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Document Max. Freq Min. Freq
Harper's Encyclopedia of United States History (ed. Benson Lossing) 8 2 Browse Search
Knight's Mechanical Encyclopedia (ed. Knight) 8 0 Browse Search
George Bancroft, History of the Colonization of the United States, Vol. 1, 17th edition. 8 0 Browse Search
Raphael Semmes, Memoirs of Service Afloat During the War Between the States 4 0 Browse Search
Henry Morton Stanley, Dorothy Stanley, The Autobiography of Sir Henry Morton Stanley 2 0 Browse Search
The writings of John Greenleaf Whittier, Volume 5. (ed. John Greenleaf Whittier) 2 0 Browse Search
Thomas Wentworth Higginson, A book of American explorers 2 0 Browse Search
Thomas Wentworth Higginson, Letters and Journals of Thomas Wentworth Higginson 2 0 Browse Search
Lydia Maria Child, Letters of Lydia Maria Child (ed. John Greenleaf Whittier, Wendell Phillips, Harriet Winslow Sewall) 2 0 Browse Search
The Daily Dispatch: November 3, 1862., [Electronic resource] 2 0 Browse Search
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Browsing named entities in Raphael Semmes, Memoirs of Service Afloat During the War Between the States. You can also browse the collection for Guiana or search for Guiana in all documents.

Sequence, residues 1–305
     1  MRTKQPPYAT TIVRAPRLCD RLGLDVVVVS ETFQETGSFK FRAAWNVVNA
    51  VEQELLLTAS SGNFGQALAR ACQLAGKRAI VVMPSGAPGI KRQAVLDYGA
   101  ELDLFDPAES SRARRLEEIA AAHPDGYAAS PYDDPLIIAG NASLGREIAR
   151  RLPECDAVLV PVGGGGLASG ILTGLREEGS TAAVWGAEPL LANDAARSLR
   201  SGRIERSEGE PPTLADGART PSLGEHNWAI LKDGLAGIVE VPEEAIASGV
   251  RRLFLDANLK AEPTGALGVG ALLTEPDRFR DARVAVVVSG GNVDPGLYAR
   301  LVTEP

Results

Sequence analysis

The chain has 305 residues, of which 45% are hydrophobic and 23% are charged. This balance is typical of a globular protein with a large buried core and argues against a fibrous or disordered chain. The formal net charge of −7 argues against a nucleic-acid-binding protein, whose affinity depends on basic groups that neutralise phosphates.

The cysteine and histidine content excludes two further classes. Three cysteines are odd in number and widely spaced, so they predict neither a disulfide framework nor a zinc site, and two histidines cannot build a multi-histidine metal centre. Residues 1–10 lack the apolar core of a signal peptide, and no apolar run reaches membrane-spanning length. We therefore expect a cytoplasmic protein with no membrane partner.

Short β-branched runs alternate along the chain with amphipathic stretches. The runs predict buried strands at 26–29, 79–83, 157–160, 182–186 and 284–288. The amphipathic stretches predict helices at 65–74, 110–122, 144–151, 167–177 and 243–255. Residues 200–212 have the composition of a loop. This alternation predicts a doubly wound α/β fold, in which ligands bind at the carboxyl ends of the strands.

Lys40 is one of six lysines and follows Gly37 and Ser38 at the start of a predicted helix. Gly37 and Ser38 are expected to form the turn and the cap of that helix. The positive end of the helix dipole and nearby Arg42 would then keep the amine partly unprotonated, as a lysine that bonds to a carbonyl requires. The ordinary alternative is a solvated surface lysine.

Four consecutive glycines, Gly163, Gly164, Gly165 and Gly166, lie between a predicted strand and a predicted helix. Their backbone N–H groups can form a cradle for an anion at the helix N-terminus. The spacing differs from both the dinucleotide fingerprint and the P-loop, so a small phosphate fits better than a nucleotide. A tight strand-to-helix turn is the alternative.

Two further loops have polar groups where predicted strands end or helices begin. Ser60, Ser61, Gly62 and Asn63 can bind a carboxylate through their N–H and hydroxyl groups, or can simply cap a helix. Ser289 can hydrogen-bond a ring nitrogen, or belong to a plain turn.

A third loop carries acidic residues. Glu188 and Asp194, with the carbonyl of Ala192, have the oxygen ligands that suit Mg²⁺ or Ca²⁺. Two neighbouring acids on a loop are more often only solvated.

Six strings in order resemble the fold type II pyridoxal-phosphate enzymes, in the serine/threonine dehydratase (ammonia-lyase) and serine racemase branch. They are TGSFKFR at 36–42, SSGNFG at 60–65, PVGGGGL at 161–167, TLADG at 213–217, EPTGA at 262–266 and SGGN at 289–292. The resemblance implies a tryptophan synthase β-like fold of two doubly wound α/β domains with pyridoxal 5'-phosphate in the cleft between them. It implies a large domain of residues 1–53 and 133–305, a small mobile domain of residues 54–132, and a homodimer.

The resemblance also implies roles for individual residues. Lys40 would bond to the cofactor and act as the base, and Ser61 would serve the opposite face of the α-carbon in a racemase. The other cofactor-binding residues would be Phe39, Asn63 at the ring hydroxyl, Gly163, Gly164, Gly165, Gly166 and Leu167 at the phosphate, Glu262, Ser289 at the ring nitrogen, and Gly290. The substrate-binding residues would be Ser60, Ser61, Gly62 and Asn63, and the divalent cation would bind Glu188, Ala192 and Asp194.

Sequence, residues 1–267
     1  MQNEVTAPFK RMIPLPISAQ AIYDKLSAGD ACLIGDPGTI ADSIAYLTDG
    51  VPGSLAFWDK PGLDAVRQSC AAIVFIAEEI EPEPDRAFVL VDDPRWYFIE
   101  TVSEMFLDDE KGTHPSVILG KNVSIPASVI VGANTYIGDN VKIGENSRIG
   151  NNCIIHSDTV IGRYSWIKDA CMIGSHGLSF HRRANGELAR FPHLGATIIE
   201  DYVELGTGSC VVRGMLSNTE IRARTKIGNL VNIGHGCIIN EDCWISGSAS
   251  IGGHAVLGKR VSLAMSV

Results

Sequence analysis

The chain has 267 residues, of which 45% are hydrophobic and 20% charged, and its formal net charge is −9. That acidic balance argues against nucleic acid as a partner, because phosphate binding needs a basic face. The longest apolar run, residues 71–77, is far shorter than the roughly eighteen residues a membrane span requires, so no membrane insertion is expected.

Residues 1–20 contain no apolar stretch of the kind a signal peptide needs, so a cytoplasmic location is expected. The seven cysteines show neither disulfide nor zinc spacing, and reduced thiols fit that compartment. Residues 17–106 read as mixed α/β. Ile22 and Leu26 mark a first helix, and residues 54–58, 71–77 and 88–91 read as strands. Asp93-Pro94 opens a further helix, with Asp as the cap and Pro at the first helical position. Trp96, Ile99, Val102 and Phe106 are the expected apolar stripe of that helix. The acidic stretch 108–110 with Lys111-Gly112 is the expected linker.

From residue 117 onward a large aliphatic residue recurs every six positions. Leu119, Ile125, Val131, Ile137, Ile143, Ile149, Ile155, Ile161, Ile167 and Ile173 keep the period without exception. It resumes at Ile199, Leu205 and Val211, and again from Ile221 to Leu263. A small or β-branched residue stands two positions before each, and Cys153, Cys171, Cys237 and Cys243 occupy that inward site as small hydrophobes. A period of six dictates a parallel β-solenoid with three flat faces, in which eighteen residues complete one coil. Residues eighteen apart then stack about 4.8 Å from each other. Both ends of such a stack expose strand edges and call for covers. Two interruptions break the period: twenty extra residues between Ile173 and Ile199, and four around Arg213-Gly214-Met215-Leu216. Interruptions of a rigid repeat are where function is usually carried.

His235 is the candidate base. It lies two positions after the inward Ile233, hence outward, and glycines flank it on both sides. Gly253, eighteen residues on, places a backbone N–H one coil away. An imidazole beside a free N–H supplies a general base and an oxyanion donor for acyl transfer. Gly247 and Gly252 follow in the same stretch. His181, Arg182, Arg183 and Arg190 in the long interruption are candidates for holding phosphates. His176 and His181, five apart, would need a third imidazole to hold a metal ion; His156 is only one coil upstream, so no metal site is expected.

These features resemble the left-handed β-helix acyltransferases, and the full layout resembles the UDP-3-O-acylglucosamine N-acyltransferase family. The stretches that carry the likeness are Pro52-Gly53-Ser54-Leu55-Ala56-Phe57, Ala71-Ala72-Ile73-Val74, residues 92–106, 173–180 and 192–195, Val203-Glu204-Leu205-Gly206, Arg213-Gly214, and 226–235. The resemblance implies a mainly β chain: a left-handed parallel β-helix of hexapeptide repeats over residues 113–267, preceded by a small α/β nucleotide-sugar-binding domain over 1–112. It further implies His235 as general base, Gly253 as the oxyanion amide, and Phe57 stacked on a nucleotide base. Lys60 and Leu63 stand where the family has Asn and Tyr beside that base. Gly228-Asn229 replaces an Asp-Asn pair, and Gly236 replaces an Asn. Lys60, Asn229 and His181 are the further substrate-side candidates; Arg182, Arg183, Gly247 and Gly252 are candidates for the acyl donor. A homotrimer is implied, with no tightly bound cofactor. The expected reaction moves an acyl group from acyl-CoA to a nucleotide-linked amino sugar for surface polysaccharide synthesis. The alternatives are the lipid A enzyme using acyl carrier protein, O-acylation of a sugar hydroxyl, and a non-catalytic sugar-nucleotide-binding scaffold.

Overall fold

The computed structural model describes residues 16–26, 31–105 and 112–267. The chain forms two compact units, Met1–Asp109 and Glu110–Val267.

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this coast. Its set is about W. N. W., and its drift about one knot per hour. Nothing has been seen to-day. The water has changed its deep blue color, to green, indicating that we are on soundings. We are about ninety miles from the coast of Guiana. The sun went down behind banks, or rather cumuli of pink and lilac clouds. We are fast sinking the north polar star, and new constellations arise, nightly, above the southern horizon. Amid other starry wonders, we had a fine view this eveningbanks on the coast of West Florida. The rule of soundings, on some parts of the latter coast, is a foot to the mile, so that, when the navigator is in ten feet of water, he is ten miles from the land. This is not quite the case, on the coast of Guiana, but on some parts of it, a large ship can scarcely come within sight of the land. A small craft, drawing but a few feet of water, has no need of making a harbor, on either coast, for the whole coast is a harbor—the sea, in bad weather, breaking